Publication: Monitor Volume: 4 Issue: 50

The big question, of course, is who stands a chance of winning the presidential election scheduled for 2000. The VTsIOM poll found that Gennady Zyuganov’s solid core of support would guarantee him a first or second place in the first round. But in hypothetical second-round races against a variety of candidates his support plateaus at 29 percent. Zyuganov would lose to almost any second round challenger — such as Lebed, Yury Luzhkov or Boris Nemtsov — but would beat Yeltsin or Chernomyrdin. Another recent poll conducted by Mnenie came up with slightly different results. It also found that Zyuganov would lead in the first round with 19 percent, followed by either Lebed (11 percent) or Yury Luzhkov (10 percent). It suggested, however, that Zyuganov would beat Lebed only narrowly in a second round race, by 29 percent to 26 percent. (NTV, March 8)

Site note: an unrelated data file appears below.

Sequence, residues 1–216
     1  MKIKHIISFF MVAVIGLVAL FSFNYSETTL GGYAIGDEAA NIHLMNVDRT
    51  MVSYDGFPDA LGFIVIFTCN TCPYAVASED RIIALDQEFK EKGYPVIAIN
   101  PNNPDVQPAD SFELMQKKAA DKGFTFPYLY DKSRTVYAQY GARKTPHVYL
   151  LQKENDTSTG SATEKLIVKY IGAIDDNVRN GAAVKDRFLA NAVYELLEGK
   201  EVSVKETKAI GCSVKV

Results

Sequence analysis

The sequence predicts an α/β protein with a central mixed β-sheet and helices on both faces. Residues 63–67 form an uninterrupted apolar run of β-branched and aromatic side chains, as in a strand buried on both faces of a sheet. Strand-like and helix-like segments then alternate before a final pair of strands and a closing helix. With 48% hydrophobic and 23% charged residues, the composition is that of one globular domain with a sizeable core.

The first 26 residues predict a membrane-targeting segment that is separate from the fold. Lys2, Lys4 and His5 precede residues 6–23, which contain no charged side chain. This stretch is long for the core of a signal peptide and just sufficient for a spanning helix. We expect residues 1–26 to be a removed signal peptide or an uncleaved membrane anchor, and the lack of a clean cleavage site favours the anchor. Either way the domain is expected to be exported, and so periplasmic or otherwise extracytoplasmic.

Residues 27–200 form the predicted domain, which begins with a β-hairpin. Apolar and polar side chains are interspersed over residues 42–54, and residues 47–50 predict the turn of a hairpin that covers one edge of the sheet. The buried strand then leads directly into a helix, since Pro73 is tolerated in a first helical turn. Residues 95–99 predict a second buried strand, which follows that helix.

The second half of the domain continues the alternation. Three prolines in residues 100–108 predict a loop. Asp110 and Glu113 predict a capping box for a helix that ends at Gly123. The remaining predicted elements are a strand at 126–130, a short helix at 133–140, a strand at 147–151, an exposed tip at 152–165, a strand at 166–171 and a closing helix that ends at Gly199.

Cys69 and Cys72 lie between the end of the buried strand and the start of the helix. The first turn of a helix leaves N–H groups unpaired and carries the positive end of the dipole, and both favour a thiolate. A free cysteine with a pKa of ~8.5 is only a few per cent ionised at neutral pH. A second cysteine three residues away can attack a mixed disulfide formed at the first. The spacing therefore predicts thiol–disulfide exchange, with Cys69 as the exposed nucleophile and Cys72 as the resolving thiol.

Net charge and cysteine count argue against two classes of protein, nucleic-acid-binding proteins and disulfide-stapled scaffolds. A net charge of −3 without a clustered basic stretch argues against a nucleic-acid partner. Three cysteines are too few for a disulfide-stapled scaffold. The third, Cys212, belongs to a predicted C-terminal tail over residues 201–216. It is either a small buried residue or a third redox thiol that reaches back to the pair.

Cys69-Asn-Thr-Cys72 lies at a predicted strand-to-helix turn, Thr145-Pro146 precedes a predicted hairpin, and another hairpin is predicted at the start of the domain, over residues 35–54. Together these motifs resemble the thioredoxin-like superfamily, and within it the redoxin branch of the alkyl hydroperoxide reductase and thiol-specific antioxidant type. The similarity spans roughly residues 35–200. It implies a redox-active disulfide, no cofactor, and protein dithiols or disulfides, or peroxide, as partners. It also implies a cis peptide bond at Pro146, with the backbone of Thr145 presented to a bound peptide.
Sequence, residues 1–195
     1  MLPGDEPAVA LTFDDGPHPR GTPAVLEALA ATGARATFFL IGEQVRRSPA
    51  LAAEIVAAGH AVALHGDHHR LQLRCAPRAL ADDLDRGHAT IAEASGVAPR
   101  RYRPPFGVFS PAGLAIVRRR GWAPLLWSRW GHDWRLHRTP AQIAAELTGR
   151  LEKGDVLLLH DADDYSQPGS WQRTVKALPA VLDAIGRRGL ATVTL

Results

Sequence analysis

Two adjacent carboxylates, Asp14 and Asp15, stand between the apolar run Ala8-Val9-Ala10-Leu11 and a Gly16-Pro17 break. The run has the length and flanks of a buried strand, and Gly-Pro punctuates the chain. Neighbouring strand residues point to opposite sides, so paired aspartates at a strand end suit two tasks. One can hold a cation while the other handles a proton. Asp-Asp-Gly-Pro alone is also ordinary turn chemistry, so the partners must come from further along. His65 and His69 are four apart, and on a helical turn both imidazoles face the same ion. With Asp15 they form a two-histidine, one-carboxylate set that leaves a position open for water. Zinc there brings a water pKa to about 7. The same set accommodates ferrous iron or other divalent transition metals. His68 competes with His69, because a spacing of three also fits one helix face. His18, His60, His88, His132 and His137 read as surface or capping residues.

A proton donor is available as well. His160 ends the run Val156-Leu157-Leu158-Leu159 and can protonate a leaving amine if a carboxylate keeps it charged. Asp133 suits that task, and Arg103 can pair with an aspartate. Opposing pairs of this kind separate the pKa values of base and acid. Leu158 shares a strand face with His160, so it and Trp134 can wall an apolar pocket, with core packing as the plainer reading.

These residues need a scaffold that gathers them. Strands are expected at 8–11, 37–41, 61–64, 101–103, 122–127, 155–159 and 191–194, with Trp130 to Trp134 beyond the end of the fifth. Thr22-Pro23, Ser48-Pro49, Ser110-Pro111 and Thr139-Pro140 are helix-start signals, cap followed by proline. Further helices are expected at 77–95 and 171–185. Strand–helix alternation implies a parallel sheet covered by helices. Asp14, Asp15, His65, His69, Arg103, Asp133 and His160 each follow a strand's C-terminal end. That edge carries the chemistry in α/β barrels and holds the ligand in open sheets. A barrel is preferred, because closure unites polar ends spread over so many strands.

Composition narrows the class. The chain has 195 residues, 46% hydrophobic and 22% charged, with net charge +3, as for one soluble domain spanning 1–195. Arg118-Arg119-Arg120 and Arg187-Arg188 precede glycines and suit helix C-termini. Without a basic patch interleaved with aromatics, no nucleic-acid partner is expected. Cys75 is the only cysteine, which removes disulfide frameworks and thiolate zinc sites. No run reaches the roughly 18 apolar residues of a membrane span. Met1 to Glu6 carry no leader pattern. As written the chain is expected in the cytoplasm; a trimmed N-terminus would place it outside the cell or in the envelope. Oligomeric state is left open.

What would transpire if the unimaginable happened — if the Communists won the presidency? Some 23 percent of respondents thought that nothing would change. However, 20 percent expect a Brezhnev-style regime. Fifteen percent thought the country would fall into chaos. Seven percent envisioned a return of Stalinism. Considerable nostalgia for the Brezhnev era lingers: 51 percent thought it would have been better if the country had stayed as it was in 1985, but 39 percent disagreed. When asked who had made greatest contribution to Russia since 1917, 21 percent named Lenin, 15 percent Stalin, and 11 percent Andrei Sakharov.

In terms of political philosophy, 43 percent remain committed to a Western style market democracy: a respectably high figure, considering the trials and tribulations of the past seven years, and enough to give a reformist candidate a good chance of victory in the next presidential election. Twenty two percent wanted a Soviet-style socialist state. Seventeen percent favored a "Russian path." Four percent wanted a pre-1917 style monarchy. Overall, the judgment was ambivalent: 59 percent think their country is at a dead end, but 58 percent said they are personally satisfied.

Norway Expels Russian Diplomats.